Some of them are quite ugly in their rhetoric. They clearly take great pride in “doing what is hard,” though I’m not sure what is hard about chastising others for not living up to their interpretation of things.

It all leaves me with a bad taste. Zacchaeus may have climbed a tree to see better, but some of our orthodox brethren are also up trees, just not to see. They are up there to pick out from the crowd those they believe must be culled from the congregation. They are there to spot the sinners and whisper loudly and complain–“these people have no right to be in God’s house!”

Perhaps, they will hear Jesus calling for them to come down, and eye to eye, they too might be transformed, as I ultimately was. Perhaps they will see that following Jesus was never about pointing out the sinner, so much as it was and is about ministering without judgment to all God’s creation. For we also learned today:

Yes, you love everything that exists, and nothing that has been made disgusts you, since if you had hated something, you would not have made it. And how could a thing subsist, had you not willed it? Or how be preserved, if not called forth by you? No, you spare all, since all is yours, Lord, lover of life! (Wis 11:24-26)

Perhaps, we might leave all this other stuff up to God to decide. After all, it’s His kingdom.

Advertisements

2 Comments (+add yours?)

  1. prairienymph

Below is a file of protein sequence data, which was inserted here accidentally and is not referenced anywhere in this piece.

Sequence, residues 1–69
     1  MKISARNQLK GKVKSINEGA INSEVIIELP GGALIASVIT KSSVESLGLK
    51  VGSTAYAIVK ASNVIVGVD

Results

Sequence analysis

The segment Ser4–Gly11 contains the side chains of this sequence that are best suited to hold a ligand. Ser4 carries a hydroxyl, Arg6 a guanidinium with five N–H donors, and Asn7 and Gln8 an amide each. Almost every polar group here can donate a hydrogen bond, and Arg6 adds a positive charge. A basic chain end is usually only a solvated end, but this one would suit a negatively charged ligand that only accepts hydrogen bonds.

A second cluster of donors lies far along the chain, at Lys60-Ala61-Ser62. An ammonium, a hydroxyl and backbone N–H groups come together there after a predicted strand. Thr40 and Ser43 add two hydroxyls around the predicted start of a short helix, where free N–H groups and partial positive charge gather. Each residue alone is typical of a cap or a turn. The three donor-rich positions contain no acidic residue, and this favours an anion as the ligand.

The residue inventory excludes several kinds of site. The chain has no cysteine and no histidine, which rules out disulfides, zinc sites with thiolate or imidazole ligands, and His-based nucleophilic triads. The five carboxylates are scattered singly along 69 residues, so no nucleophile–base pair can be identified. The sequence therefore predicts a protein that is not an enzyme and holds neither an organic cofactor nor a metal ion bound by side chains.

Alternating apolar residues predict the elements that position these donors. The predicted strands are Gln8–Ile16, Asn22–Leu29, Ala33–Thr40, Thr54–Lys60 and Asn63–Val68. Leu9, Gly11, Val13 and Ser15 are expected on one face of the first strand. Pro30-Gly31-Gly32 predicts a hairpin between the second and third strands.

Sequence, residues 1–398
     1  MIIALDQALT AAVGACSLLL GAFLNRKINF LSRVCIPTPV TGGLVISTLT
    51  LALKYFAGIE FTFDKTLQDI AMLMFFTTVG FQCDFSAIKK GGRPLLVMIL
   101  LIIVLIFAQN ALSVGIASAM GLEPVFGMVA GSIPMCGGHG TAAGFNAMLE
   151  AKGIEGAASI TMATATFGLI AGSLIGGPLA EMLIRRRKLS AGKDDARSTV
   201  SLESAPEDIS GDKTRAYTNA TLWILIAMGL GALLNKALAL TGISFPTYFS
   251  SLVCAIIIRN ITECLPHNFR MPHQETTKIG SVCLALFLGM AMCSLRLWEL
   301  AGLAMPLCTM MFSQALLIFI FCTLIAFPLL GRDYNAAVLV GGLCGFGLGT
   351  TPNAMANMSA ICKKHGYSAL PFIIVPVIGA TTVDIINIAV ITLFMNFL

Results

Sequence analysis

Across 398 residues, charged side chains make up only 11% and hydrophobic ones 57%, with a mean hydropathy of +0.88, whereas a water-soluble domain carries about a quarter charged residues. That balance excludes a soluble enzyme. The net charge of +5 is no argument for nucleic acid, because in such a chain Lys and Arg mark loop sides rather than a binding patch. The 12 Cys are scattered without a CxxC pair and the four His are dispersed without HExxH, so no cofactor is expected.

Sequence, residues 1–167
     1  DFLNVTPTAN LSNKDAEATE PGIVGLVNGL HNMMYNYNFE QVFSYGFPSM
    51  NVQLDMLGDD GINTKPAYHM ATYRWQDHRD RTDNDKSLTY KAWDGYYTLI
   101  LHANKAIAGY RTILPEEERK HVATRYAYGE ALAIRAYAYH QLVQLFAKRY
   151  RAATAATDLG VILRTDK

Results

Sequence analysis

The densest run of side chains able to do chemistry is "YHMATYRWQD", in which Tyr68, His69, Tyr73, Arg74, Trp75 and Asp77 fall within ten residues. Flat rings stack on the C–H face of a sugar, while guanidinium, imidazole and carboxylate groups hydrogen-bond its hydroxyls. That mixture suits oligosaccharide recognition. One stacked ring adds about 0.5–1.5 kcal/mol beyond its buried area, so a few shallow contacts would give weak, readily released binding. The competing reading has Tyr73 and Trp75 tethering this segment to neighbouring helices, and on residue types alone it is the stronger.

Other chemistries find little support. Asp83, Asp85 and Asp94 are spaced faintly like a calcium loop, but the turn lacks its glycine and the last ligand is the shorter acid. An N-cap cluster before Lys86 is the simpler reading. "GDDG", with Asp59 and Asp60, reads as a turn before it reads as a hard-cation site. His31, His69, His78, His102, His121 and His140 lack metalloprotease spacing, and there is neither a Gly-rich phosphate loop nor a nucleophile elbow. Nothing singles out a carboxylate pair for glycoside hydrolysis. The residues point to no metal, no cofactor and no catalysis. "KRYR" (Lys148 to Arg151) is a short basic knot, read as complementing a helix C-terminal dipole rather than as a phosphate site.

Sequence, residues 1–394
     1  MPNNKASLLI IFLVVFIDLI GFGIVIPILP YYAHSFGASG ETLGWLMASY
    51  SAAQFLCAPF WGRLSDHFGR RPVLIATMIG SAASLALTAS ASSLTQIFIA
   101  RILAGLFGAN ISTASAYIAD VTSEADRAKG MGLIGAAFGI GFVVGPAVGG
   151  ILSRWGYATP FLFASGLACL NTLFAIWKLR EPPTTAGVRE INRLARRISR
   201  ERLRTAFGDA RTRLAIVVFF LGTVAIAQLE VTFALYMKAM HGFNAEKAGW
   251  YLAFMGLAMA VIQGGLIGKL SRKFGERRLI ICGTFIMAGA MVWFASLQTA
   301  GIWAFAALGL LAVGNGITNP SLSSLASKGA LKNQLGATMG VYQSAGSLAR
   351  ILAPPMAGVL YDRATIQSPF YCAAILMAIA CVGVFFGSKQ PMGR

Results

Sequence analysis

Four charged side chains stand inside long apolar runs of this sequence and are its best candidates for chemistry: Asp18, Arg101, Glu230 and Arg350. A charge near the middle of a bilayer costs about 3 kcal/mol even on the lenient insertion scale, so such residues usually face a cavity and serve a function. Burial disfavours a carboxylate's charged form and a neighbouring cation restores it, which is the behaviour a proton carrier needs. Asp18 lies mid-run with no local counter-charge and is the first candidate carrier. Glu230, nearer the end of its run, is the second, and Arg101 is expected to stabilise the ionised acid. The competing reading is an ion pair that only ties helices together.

Nov 17, 2010 @ 16:49:58

    Was it hard for you, as a Catholic especially, to admit that your church upholds teachings that are flawed and contradictory to Christ’s message? I found that point in questioning my church’s leaders extremely difficult.

    Either they were wrong, or I was wrong and I had been taught that they couldn’t be… it seemed heretical to even entertain the idea.

    Either what they said about god was a lie, or what I had experienced of God was a delusion.

    And the same insults about being a “cafeteria christian” come in all flavours of denomination.

    Reply

    • Sherry
      Nov 18, 2010 @ 13:20:59

      My faith journey started with the realization that perhaps tens of thousands, many smarter than I and 2000 years of faith might trump my ideas, so I was prepared to assume that Catholicism had all the answers and they were all clearly correct. However I also entered in the time of Vatican II when the winds of openness were about and dissent was acknowledged as morally right if one went through proper discernment on any subject.

      Catholicism is not essentially fundamentalist in nature, although there are many within it now who are. It has always been open to “fuller knowledge”. So when I realized that I believed it wrong in some areas, I didn’t feel betrayed or lied to. I could see how the Church came to its place, and I suspect they see it to, they are just unable to figure out a good way to unwind and alter the road ahead at this point. Some dumb statements were made long ago that seem to hamper change now. But you just have to admit that those statements were from flawed humans and make the corrections.

      One must adher to one’s beliefs, but always be open to hear more. That’s the way I see it. Hope this explains somewhat. Please ask further questions! lol..

      Reply

Leave a Reply

Fill in your details below or click an icon to log in:

WordPress.com Logo

You are commenting using your WordPress.com account. Log Out / Change )

Twitter picture

You are commenting using your Twitter account. Log Out / Change )

Facebook photo

You are commenting using your Facebook account. Log Out / Change )

Google+ photo

You are commenting using your Google+ account. Log Out / Change )

Connecting to %s

%d bloggers like this: